This piece, part of the Copper Belt Project, is the second in a series — listed here — exploring the forgotten people and places of an iconic American landscape scarred by a history of economic and environmental violence.

My collaborator Mark Hahn and I spotted the Hotel Reardon on our first trip to Clifton, Arizona back in November 2010. Located near the Morenci Mine, the biggest source of copper ore in the United States, Clifton is a fascinating place, still seething with the legacy of labor unrest. Like most places in the Copper Belt, it has seen much better days. That’s why the Hotel Reardon isn’t checking anyone in anymore.

Tucked behind overgrown trees, boarded up windows, and a door bearing a giant No Tresspassing sign, the place looked impenetrable. The hotel seemed to be a living thing looming on the street. It beckoned to us like a dream, as if it were actually calling to us and inviting us inside. “I want to stay there!” we both said at the same time. But we didn’t stay there. We didn’t even stop the car and attempt to get into the place. The Hotel Reardon was calling us, yes, but it also seemed completely off limits.


The Hotel Reardon in its early twentieth-century heyday

On our return trip to Clifton this past March, we stopped for chocolate at a little liquor store on the main street. After a day of climbing about in the “wreckage” — my name for this devastated landscape — we needed something sweet. The only problem was that when we walked into the store, there was no chocolate. In fact, the shelves were empty. “Where’s the chocolate?” I asked the woman behind the counter. She said, “We’re out of chocolate.” Then I spotted an ice cream cooler in the corner. Ice cream sounded good. “That’s okay, we’ll have ice cream,” I said. “We’re out of ice cream.” Everything sweet had vanished from the shelves of this liquor store, with a hard beaten woman standing behind the counter and a group of small children circling me on Big Wheels and plastic wheeled ponies.

The children stared up at me with curious eyes as I walked around the store looking for something I could buy. A single bag of peanuts hung from a hook. The cooler was stocked to the brim with beer, and the shelves behind the counter were lined with bottles of vodka and whiskey, cartons of Marlboros and Camels. Next to the cash register, there was a shelf full of feminine hygiene products – maxi pads and tampons. Other than that, the store was empty. Booze, Kotex and cigarettes — that was the extent of the store’s inventory. The peanuts were freshness dated from 2008. I don’t drink, don’t smoke, and don’t worry about getting a period anymore. There wasn’t much for me to buy in this liquor store with the hard beaten woman and the circling kids.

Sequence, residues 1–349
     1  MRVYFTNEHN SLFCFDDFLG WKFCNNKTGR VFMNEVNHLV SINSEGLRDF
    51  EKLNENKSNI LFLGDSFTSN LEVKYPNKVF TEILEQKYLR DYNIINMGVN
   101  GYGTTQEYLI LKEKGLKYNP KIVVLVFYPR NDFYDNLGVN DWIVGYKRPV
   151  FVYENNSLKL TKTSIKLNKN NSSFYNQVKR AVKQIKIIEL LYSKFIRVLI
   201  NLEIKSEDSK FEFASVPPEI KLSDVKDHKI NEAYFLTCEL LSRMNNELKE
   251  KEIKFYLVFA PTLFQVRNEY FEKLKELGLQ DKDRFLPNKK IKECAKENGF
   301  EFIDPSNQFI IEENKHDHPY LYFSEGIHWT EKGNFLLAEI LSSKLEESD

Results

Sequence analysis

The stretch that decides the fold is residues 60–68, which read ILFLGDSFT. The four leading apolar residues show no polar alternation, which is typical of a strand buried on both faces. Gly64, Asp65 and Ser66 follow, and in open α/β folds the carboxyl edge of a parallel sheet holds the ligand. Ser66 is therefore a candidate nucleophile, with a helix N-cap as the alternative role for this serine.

I walked around to see if I could find anything I wanted. I found a jar half filled with pickle juice sitting on a shelf. The kind of jar that holds the giant pickles I liked to get at the deli when I was a kid. The pickle water sat halfway to the top like some kind of stagnant memory of a life when pickles existed, when they were something happy. This liquor store was post-pickle. The empty pickle jar was like the ultimate totem of a failed economy, of the hard luck stories that sit bottled on shelves in so many houses and so many little liquor stores like this one.

From a letter reformer Alice Hamilton wrote to her older sister Edith

I stood at the counter and asked the woman about the store. She told me her hard luck story. I listened and nodded my head. It was hard luck alright, and it didn’t seem like it was going to get any luckier. I turned around and caught a glimpse of the pickle jar on the shelf, felt the weight of my camera around my neck, but I knew that it was not the time to take a photograph. Some things just aren’t supposed to be photographed. They’re supposed to be left where they are. The pickle jar was one of those things. One of the little girls looked up at me as if I could find the answer to her question in my back pocket. I didn’t have the answer. I kept the lens cap on my camera, wished the woman good luck, and headed out the door.